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Johnny Depp won the defamation case against ex-wife Amber Heard on Wednesday following a nearly seven-week trial in Virginia amid allegations of domestic violence and sexual assault.
A seven-member jury declared Heard defamed Depp on all counts, and awarded the “Pirates of the Caribbean” star $5 million in punitive damages, in addition to $10 million in compensatory damages.
Punitive damages, though, were immediately reduced to the maximum amount allowed in the state, $350,000.
Depp initially sought a $50 million payout, and Heard counter sued for $100 million in damages.
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Neama Rahmani, president of West Coast Trial Lawyers, described compensatory damages to Fox News Digital as “past and future economic losses.”
“Johnny Depp being canceled and not being cast by Hollywood studios, his pain and suffering, his emotional distress — those are all different types of compensatory damages,” Rahmani said.
Compensatory damages can be described as both tangible “past and future economic losses” in addition to intangible expressions.
“Punitive damages, on the other hand, are to punish someone for their wrongful conduct,” Rahmani said.
He added: “So, the $10 million the jurors thought were sufficient damages to make Johnny Depp whole for these defamatory statements, and the additional $5 million was to punish Heard for acting with malice because she actually knew the statements were false.
“She acted intentionally or recklessly, not just negligently, and generally you can’t get punitive damages for negligent conduct. You can only get them for reckless, malicious or intentional conduct.”
While Depp was awarded $5 million in punitive damages, due to Virginia state law as established in July 1988, the amount will be reduced to the legal capped sum of $350,000.
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Had the suit been filed in California where she lived with Depp, or in New York where the American Civil Liberties Union is headquartered (and where Heard pledged to donate a portion of her $7 million divorce settlement from Depp), Heard would have been responsible for the full $5 million in punitive damages.
During the court proceedings, it was revealed that the “Aquaman” star has since only fulfilled contributing $1.3 million of the $3.5 million pledged to the nonprofit organization.
Depp, 58, who is on tour with guitarist Jeff Beck in England, did not show up for the verdict, while Heard, 36, sat at the defense table wearing a somber expression as she listened to the decision in the Fairfax County Circuit Court.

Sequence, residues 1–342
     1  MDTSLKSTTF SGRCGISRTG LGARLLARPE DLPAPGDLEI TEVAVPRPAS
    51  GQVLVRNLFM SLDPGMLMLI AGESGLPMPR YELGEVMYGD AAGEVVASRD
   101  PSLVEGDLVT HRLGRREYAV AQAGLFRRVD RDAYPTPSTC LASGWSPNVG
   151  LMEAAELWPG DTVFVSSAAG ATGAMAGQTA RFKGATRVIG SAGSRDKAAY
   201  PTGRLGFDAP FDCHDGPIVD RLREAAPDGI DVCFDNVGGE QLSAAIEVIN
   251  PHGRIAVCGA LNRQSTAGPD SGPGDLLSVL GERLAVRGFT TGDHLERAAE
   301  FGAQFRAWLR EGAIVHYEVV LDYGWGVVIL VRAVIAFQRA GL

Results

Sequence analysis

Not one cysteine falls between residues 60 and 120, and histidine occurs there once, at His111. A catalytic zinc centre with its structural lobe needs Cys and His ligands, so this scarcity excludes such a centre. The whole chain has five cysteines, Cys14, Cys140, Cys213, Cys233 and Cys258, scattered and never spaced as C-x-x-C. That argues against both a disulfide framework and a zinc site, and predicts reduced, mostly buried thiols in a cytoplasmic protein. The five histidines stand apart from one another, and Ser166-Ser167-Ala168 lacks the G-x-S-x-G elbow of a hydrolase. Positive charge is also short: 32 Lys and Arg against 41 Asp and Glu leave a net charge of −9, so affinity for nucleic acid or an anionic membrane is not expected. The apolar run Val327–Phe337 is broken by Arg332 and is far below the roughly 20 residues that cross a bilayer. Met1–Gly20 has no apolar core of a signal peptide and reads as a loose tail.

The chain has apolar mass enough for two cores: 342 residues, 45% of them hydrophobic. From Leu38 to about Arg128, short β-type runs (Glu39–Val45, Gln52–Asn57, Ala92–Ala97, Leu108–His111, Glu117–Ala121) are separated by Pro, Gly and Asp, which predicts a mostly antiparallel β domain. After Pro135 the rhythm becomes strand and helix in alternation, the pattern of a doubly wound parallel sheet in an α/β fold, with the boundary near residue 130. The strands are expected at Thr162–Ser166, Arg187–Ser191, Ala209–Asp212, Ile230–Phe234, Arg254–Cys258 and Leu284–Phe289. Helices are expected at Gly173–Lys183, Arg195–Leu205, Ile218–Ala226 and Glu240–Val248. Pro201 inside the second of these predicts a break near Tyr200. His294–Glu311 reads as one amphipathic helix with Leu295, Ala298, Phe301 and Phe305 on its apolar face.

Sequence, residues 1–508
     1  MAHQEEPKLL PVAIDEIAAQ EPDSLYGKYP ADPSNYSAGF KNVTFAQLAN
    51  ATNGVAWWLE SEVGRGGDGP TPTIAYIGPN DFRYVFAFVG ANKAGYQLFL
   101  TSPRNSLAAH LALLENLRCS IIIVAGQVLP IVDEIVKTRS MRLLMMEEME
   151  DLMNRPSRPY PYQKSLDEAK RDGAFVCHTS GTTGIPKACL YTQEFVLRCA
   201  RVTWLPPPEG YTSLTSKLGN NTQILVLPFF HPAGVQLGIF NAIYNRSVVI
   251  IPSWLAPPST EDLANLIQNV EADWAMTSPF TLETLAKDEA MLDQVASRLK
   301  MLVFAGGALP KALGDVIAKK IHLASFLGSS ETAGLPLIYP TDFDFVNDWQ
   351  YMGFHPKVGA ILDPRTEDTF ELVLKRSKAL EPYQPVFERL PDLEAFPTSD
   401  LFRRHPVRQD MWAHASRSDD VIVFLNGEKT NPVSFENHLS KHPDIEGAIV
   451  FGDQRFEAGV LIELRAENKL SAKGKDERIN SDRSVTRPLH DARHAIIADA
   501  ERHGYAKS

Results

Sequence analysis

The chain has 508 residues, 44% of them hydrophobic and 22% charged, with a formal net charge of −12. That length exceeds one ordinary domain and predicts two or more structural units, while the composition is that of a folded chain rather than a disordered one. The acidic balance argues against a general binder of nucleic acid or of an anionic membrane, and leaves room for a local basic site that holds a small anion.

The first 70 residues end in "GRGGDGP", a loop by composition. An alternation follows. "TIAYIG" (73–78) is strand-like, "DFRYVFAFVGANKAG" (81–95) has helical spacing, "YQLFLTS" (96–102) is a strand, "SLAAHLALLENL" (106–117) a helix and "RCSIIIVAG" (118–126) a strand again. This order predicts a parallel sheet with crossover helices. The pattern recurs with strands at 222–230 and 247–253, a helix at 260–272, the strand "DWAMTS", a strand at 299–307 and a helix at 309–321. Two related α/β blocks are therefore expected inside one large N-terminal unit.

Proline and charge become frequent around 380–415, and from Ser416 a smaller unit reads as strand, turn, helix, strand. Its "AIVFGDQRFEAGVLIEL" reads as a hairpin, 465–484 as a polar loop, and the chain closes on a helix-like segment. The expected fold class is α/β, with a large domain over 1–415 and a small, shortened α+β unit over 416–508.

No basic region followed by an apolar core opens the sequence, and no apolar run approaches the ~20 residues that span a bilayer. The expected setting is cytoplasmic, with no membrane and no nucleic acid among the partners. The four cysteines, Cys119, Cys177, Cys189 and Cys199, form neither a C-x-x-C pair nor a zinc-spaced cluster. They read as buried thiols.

In a small win for Heard, the jury – composed of five men and two women – found that Depp had defamed her through his attorney, Adam Waldman, as to a single statement, accusing her of staging an alleged assault, and awarded her $2 million in compensatory damages.
When the jury concluded Heard acted with malice and made false statements against the actor in the Washington Post article she wrote in 2018 about surviving domestic abuse without naming Depp, defamation lawyer Jeff Lewis detailed how a jury could have made its decision.
“You prove malice through circumstantial evidence, indirect evidence like one of the facts surrounding Amber’s situation, such that no person would have made these statements,” he said.
“No one could have believed they were true or as reckless indifference to the truth.”
Lewis added: “For malice, you’re supposed to prove it by a clear, convincing evidence standard, which is much higher for evidence, most likely 10% in terms of how the jury feels the evidence was presented. And juries typically look for circumstantial evidence of somebody. There’s no way somebody could actually believe that they were telling the truth.”
In addition, Lewis noted the punitive and compensatory damages are “non-dischargeable in bankruptcy” courts.
“If Johnny or Amber wanted to file for bankruptcy to avoid paying the bankruptcy court to protect or discharge intentional tortes like this. So, absent of an appeal, they have to write a check.”
It took the jury about 12 hours and three days to reach their verdict during a trial that Lewis noted was riddled with “inconsistencies.”
“People tend to be all for Amber or all for Johnny,” Lewis said. “How do you reconcile the ones who think that Amber was telling the truth or Johnny Depp was lying?”
Minutes after the verdict was read, Heard issued a statement saying she was devastated by what she believed this verdict means for other women.
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“I’m heartbroken that the mountain of evidence still was not enough to stand up to the disproportionate power, influence, and sway of my ex-husband,” the statement read. “[he verdict] is a setback. It sets back the clock to a time when a woman who spoke up and spoke out could be publicly shamed and humiliated.”
In contrast, Johnny wrote: “The jury gave me my life back. I am truly humbled. From the very beginning, the goal of bringing this case was to reveal the truth, regardless of the outcome. Speaking the truth was something that I owed to my children and to all those who have remained steadfast in their support of me.”
Throughout the trial, jurors heard shocking testimony, including an infamous defecation incident in the couple’s marital bed to allegations Heard severed Depp’s fingertip during a vicious brawl.
Depp previously lost a libel suit in 2020 after he took a U.K. publication to court for calling him a “wife beater” in a piece related to Heard’s allegations. Heard and Depp were married in February 2015 before she filed for divorce one year later in May 2016, which was finalized in January 2017.
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